A limited number of memberships are still available.  To secure your Stein Club card now, visit Der Biergarten in the Luckie Marietta District at 300 Marietta Street, Atlanta, GA 30313.  For more information, call 404.521.2728 or visit www.derbiergarten.com.  

Membership Rules:
• Must be of legal drinking age
• Stein will be kept at Der Biergarten at all times
• Only club members shall drink from club steins
• Drink responsibly - Don’t drink and drive


Monday, March 7, 2011

Brew Your Cask Off Winners

 Some of my samples prior to the madness. 

Man, the second annual Brew Your Cask Off this past Saturday was a mad house! Packed to the brim with brew lovers from all over Georgia came through to check out the one-time casks created by retailers, organizations, brewmasters and homebrewers at SweetWater Brewery's headquarters in Midtown Atlanta. Since I was one of the judges, I got an early seat to see what was in store for this year's extravaganza. Off the bat, the quality and workmanship of remixing the base beer provided by SweetWater was so much better than last year; so much to the point that the wall-of-shame category, The Biggest Loser, got kicked to the curb. Impressive! 
Anyway, I will be adding more pictures and the official press release later on but I wanted to make the word was out in terms of who won on Saturday. Congrats!!!!


1st PLACE:  Cask #38 Final Gravity Home Brewers | Lika-Titi-Coco Porter

2nd PLACE:  Cask #1 The Porter Beer Bar | The Sch’it
3rd PLACE:  Cask #75 Fontaines | Two Pump Chump

Cask #62 Cypress Street Pint & Plate| Samhain

SweetWater said: "We had so many amazing brews this year that we seriously had a hard time picking a loser for loser’s sake.  So we have decided to retire the golden toilet seat this year!"

Wednesday, March 2, 2011

Ale Sharpton’s debut for Cruisin’ For A Brewsin’: Episode One: Sunday Sales

Let’s get this clear: The main focus of Sunday Sales is not about being able to buy beer, spirits or wine via retail stores on the last day of the week. The bottom line is being able to have the power to choose by vote—the base of our democratic spirit that has birthed this nation—to whether or not our direct communities will allow the sales of alcohol on Sundays. During the historic rally in Downtown Atlanta on Wednesday, February 23rd held by the grassroots organization, Georgians For Sunday Sales along with supporters  (and a few detractors) on the steps of the Georgia State Capitol at exactly noon, it was a peaceful, yet impactful engagement to get HB 69  and  SB 10 considered by the Georgia Legislature . The powers that be tried to discretely sweep both of these bills under the rug thinking that there would be no major feedback. Wrong.
During the first officially aired episode of my show dedicated to the world of brewing, Cruisin’ For A Brewsin’, I made sure that the people’s voice was heard worldwide via the Internet. Since words alone do not wholly affect the masses, I, accompanied by the talented video crew of Luxeve Media and banging music by Rashad "Suede" Byron, have done our best to show the people’s dedication to preserve the freedom of speech and right to choose. This is the first of many episodes of Cruisin’ For A Brewsin’, so definitely stay tuned.
Feel free to do your duty to circulate this video and further support the movement that fights to give the people the right to decide how their communities want to live.
Fight the power!

Here is the video:

Tuesday, March 1, 2011

The Guinness Perfect Pour Competition rocked!

TAP’s ‘Buggs’: The hero of the 'Pour'!

Brother Buggs flossing his
hardware and winning pint
Last night's Guinness Perfect Pour contest at Taco Mac's Lindbergh location was a one wild affair to say the least! There was an MC with a mic; a stage hoisting a trio of taps and three judges; a rowdy, chanting sea of the competitor’s supporters; and a collective of Taco Mac staff from various locations to handle the blitz. With names situated in March Madness-like brackets, bartenders dropped one by one due to disqualifications like an overflowing pour, heads with excessive bubbles, and pints that simply weren't, well…perfect. Basically, three pourers went up on the stage to their assigned taps and poured their Guinness pint in an official glass in front of three sets of scrutinizing eyes—judges direct from Europe who were trained to spot faults of microscopic proportions. (Of course, all participants filled their pint glasses in the customary Guinness two-pour ritual.) The winner of the three contestants advanced to the next round until there were only two left.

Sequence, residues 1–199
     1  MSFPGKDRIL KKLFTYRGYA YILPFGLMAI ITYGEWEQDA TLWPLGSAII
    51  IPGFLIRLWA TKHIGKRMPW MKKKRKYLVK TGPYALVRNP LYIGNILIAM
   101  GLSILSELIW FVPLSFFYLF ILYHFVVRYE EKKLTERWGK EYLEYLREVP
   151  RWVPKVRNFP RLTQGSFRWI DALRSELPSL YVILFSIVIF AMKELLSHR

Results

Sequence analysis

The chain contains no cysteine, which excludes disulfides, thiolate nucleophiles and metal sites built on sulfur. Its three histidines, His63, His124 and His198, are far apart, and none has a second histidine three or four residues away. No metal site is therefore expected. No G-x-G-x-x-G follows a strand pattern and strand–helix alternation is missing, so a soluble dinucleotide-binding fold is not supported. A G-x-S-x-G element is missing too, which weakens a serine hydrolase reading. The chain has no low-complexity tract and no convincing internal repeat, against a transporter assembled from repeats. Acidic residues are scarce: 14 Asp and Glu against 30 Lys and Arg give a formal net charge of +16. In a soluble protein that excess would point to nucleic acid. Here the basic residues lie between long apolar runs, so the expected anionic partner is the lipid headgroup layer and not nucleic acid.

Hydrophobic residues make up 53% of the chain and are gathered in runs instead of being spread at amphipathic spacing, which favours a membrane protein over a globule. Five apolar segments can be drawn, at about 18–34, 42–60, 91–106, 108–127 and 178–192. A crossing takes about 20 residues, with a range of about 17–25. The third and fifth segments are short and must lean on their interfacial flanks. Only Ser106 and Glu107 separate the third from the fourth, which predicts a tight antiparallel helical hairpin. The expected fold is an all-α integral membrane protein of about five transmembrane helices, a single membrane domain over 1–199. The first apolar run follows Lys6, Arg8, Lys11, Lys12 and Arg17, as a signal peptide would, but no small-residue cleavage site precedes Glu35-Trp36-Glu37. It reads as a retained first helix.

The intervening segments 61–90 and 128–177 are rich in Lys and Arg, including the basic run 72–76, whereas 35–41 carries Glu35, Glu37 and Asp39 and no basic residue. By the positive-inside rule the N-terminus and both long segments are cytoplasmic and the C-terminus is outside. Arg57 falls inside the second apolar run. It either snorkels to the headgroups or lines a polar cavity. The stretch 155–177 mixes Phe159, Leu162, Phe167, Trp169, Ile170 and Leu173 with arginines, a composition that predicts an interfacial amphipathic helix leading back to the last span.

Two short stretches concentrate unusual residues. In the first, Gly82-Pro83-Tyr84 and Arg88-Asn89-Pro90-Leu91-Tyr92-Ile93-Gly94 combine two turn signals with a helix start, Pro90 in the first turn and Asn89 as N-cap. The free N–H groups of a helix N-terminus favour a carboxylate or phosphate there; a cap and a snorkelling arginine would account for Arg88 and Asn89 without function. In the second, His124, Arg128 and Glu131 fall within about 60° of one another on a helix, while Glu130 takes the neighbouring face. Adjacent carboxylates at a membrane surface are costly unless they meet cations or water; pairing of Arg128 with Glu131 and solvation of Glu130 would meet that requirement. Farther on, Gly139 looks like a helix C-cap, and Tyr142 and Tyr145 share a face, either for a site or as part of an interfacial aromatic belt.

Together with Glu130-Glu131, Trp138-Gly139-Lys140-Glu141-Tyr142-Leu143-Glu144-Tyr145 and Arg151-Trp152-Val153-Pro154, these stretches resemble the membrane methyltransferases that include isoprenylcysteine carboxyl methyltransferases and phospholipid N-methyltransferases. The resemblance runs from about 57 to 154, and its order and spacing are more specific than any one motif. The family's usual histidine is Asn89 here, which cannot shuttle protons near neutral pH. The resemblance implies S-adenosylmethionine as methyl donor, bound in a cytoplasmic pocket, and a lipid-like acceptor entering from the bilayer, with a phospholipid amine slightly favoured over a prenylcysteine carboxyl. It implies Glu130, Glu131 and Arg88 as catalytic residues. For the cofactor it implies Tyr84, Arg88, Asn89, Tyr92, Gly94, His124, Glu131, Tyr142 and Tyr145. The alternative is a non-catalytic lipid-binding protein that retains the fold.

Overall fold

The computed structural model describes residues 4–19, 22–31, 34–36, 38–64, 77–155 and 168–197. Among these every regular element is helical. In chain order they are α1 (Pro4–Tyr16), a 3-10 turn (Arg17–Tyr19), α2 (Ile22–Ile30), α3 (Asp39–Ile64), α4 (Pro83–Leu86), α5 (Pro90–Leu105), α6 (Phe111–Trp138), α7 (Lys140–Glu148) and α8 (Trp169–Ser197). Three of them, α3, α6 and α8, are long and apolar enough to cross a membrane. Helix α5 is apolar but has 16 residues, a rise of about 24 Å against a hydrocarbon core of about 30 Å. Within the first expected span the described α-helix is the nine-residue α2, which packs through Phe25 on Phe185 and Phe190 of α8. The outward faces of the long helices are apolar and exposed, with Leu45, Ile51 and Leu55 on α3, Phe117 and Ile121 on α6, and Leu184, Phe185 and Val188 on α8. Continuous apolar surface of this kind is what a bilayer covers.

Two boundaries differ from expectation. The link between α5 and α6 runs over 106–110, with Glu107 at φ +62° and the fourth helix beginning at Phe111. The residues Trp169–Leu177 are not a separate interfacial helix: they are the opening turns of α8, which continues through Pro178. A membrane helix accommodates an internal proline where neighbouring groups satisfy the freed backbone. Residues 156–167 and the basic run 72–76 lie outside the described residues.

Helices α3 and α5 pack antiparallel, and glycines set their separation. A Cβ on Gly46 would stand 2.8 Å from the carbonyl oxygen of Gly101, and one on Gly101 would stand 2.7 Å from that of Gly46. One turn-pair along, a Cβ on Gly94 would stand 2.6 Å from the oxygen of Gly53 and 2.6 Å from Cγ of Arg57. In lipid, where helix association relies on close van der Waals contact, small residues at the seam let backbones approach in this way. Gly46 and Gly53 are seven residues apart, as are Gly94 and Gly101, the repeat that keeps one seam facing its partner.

Like March Madness, there is always an upset: The reigning champ that yours truly featured this past weekend, Megan Martin (here), was dethroned in the first round by one bubble too many at the top her pint’s head, so the field was blown open after that.
In the end, a cool cat named “Buggs” —a self-proclaimed rabid Steelers fan and bartender at Midtown Atlanta’s Tap—raised the Guinness trophy victorious. I have to give Brother Buggs credit: he had unwavering confidence and swagger since the first round as if he knew he was going to win. Buggs served me a few pints within the last month or so and his demeanor was no different this night, so it was evidently another day at the office for him. Congrats man!
Oh! And just to show you how super cool people in the beer world are, as soon as B-Diddy was awarded the winner, Megan immediately bought him a congratulatory shot (it looked like an Irish Car Bomb) and a pint of Guinness. That’s sportsmanship at its finest!
A shout out to Arthur Guinness!
Overall it was a fun, unforgettable night all in the love of beer and honoring Sir Arthur Guinness, the legend who once fought off authorities who were trying to cut off his brewery’s water supply.  Thank goodness Guinness’ fire and passion saved his legendary Dublin, Ireland brewery that has flourished since 1759 and paved to way for all of those thousands of gangster, microbrewed stouts like these that we enjoy daily.

Slainte! Guid forder! Peeeeeeaaaace! 


Steer Me!

The Dodge Charger SRT Hellcat Redeye has the loudest roar in the world! American Muscle! This duo of American-born automobiles flexes seri...

© Cruisin' For A Brewsin'
Blog Design by pipdig